Polar explorer Eric Larsen credits his love for cold temperatures a childhood spent in the Midwest. As an adult, he’s completed multiple, unassisted hikes to both the North and South poles – once, he hit both in a single year – and is one of a relative handful of human beings to successfully summit Everest. Given the rapidly advancing effects of climate change on the poles, he might well be the last person to ever trek unsupported across the North Pole in a 53 day, 480-mile journey over shifting ice structures.
Even though Larsen has accomplished more by now than most of us will in a lifetime, he’s careful to point out that his successes have come along with just as many failures. But that just helps him redefine and re-shape the idea of success in his mind.
Recently, he spoke to Fatherly about how he’s come to think about, measure, and achieve success, and below are 8 simple rules he thinks could apply across the board.
#8. Trust your systems.
Your body is the greatest gift you’ve been given and too many people take theirs for granted.
“Our greatest assets are the systems we build around being safe and efficient. They help us conserve energy and avoid big body temperature peaks and troughs that lead to using extra calories. Each part of that process is important for us because it has an impact. And it doesn’t necessarily have an immediate impact. What we do one week could impact five weeks later. So it’s just a real, deliberate, thoughtful process.”
“That’s not human nature. In human nature, you just want to relax and coast when you can. And that’s the sort of situation that’s really most dangerous to us.”
#7. Don’t fear bad choices.
This is important advice for people who feel as if they’ve run out of time if they don’t find their passion on the first, second, or even fifth try – something many people struggle with these days.
“My advice [on finding a passion] is to keep trying something until it sticks. Don’t be discouraged if something doesn’t work out of be afraid to reverse course. …I have a lot of crappy experiences that are actually pretty beneficial. I think there is no such thing as a bad experience.”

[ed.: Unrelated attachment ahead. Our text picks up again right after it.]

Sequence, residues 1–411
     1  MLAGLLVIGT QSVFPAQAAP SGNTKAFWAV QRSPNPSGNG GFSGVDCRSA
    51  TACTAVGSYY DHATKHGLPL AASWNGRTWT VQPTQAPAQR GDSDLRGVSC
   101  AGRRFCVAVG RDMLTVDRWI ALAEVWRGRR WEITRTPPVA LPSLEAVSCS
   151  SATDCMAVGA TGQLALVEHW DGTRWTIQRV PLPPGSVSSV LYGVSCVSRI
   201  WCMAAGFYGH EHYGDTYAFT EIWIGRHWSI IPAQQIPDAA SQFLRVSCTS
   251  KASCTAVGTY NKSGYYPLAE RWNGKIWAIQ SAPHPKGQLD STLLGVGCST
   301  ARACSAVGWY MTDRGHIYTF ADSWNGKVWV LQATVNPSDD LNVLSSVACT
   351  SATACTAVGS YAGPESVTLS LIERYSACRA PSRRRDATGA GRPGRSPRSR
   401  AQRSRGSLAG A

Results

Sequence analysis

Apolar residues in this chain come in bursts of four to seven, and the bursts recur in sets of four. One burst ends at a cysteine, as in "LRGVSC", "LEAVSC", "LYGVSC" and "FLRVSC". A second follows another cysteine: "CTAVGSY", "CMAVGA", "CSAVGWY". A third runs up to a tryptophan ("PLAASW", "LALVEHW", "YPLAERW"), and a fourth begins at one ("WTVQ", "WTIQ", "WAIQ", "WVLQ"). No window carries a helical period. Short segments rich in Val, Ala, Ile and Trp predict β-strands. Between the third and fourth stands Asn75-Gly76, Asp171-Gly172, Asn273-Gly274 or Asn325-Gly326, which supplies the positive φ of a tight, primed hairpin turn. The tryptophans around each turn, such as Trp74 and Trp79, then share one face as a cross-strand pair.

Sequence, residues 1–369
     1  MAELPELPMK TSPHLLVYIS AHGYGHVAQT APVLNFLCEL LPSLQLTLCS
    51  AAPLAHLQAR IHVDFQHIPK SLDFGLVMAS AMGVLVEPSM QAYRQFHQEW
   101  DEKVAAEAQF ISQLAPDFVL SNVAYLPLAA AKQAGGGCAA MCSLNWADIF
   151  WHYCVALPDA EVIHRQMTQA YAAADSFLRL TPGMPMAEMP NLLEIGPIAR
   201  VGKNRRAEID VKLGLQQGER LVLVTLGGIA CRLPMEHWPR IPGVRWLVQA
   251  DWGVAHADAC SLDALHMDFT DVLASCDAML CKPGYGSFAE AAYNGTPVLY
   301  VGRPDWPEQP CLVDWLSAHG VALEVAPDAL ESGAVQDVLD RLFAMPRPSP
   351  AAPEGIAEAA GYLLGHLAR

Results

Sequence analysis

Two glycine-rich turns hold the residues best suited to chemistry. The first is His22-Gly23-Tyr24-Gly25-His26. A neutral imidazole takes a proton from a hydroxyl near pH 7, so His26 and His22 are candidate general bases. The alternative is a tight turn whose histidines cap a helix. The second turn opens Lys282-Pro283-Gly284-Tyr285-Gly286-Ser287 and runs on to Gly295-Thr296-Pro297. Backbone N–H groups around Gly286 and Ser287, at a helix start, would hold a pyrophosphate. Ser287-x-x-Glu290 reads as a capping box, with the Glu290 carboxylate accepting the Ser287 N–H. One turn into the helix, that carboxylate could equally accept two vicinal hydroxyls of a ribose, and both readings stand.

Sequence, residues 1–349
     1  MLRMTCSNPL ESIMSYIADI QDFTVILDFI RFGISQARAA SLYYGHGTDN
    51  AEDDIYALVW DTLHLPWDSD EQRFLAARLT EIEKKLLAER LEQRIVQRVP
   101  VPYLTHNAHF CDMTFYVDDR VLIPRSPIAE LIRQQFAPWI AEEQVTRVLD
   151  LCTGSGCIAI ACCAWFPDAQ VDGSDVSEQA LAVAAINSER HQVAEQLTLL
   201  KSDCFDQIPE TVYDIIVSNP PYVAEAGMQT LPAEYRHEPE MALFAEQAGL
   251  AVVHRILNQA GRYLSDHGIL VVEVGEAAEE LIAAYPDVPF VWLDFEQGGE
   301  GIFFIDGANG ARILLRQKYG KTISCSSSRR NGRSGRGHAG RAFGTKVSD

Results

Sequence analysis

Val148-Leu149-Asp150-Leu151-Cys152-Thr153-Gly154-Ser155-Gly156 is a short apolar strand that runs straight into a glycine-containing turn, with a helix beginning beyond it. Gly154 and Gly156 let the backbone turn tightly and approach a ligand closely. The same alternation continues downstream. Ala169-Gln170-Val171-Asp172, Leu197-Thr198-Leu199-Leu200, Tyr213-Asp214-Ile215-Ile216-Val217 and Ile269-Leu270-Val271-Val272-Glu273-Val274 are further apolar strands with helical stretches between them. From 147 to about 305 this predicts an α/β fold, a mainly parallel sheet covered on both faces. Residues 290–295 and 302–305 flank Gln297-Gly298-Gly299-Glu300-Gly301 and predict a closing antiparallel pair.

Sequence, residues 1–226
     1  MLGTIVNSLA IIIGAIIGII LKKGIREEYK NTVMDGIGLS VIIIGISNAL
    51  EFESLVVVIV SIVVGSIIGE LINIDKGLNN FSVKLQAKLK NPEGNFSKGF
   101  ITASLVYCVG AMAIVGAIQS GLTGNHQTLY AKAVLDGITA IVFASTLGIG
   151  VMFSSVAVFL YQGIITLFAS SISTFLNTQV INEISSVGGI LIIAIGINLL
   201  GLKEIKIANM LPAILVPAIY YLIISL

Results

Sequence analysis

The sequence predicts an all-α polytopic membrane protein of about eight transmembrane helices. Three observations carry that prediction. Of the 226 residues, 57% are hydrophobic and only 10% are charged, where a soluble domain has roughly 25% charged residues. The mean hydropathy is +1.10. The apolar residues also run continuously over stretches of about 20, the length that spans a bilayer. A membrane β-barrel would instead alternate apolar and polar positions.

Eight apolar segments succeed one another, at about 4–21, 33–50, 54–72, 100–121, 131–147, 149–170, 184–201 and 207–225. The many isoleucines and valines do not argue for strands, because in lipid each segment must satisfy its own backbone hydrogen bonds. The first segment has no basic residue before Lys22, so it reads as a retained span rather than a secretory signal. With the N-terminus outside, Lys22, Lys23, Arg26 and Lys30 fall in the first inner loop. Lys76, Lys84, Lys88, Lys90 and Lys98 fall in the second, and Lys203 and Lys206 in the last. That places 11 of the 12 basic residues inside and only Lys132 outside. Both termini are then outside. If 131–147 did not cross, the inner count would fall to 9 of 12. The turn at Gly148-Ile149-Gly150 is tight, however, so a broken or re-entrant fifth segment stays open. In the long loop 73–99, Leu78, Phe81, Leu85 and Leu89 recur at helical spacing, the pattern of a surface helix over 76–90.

#6. Identify and tune out distractions.
Distractions are everywhere in this digital, social media obsessed world, and nothing will boost your chances of success more than finding ways to tune them out.
“…outside thoughts can take away from your ability to move forward. They suck energy and they’re stressful. They take away from the mindfulness and thoughtfulness – that kind of presence you need to be in.”
#5. Embrace hope.
“In the North Pole, we had this expectation that the conditions would be getting better, and they got worse – more dangerous and physically scary. I was ready to give up. We were like 20 miles from the North Pole and this is after 52 days and I just reached my breaking point.”
You can’t control everything, but it’s okay to keep hoping that one day, things will get easier – as long as you’re prepared to keep going, even if they don’t.
“…but when I woke up I changed my mindset and said, ‘it’s shit the whole way.’ And then, I’m fine. Completely fine.”
“The best way to be successful is to put yourself in a situation where you don’t have another choice. Do you give up or do you do it? You do it.”
#4. Don’t forget about short-term goals.
Sometimes a goal that is too big, that requires too many steps, or is too far in the future can work against our chances of success.
“We deal a lot with goal setting. Our ability to foresee how we’re going to get there is impossible. We don’t have any idea what the conditions are like further toward the Pole – there are too many variables. That’s why shorter term goals are so important – even if that’s just to get through the first hour of the day.”
#3. Learn from failure.
This is not new advice, but it is advice that’s often difficult to follow when you’re in the moment. Much easier to see the lessons learned once they’re in your rearview mirror.
“Failure in the moment is hard, it sucks, and I’ve had so many times where I think, ‘What am I doing?’ But I like those failures. Those are good lessons. I’ve learned a lot of valuable skills and what not to do when I’m dealing with really hard objectives; failure is just part of the process.”
#2. Re-think your focus.
Find a process that works for you, as far as ways to keep your eyes on the prize during struggles, when outside noise threatens to overwhelm you, or when failure seems inevitable.
“…when you’re staring down two months of this physically hard mentally challenging uncomfortable situation with an uncertain outcome, it’s overwhelming. If you just focus on the long-term goals, you get discouraged. And if you only focus on the short term goals, you don’t necessarily have direction.”
“That’s where goal setting becomes so important, because each short-term and long-term goal buttresses and supports one another.”
#1. Focus on the process.
I have a coffee mug that says “trust the process” and there are many, many days that I need the reminder to trust that the getting there is worth as much as the results we seek.
“It’s a little cliched, but the journey really is the destination. That is why I’m very vested in the process of what I do. We’re dealing with a lot of physical and mental challenges over the course of a big expedition, but on any given day, it’s not the hardest thing I’ll ever do. To be able to succeed, you have to love each one of those steps… maybe not love it, but endure it in some way or the other.”
Just a few things to ruminate on the next time you’re feeling as if nothing is going right.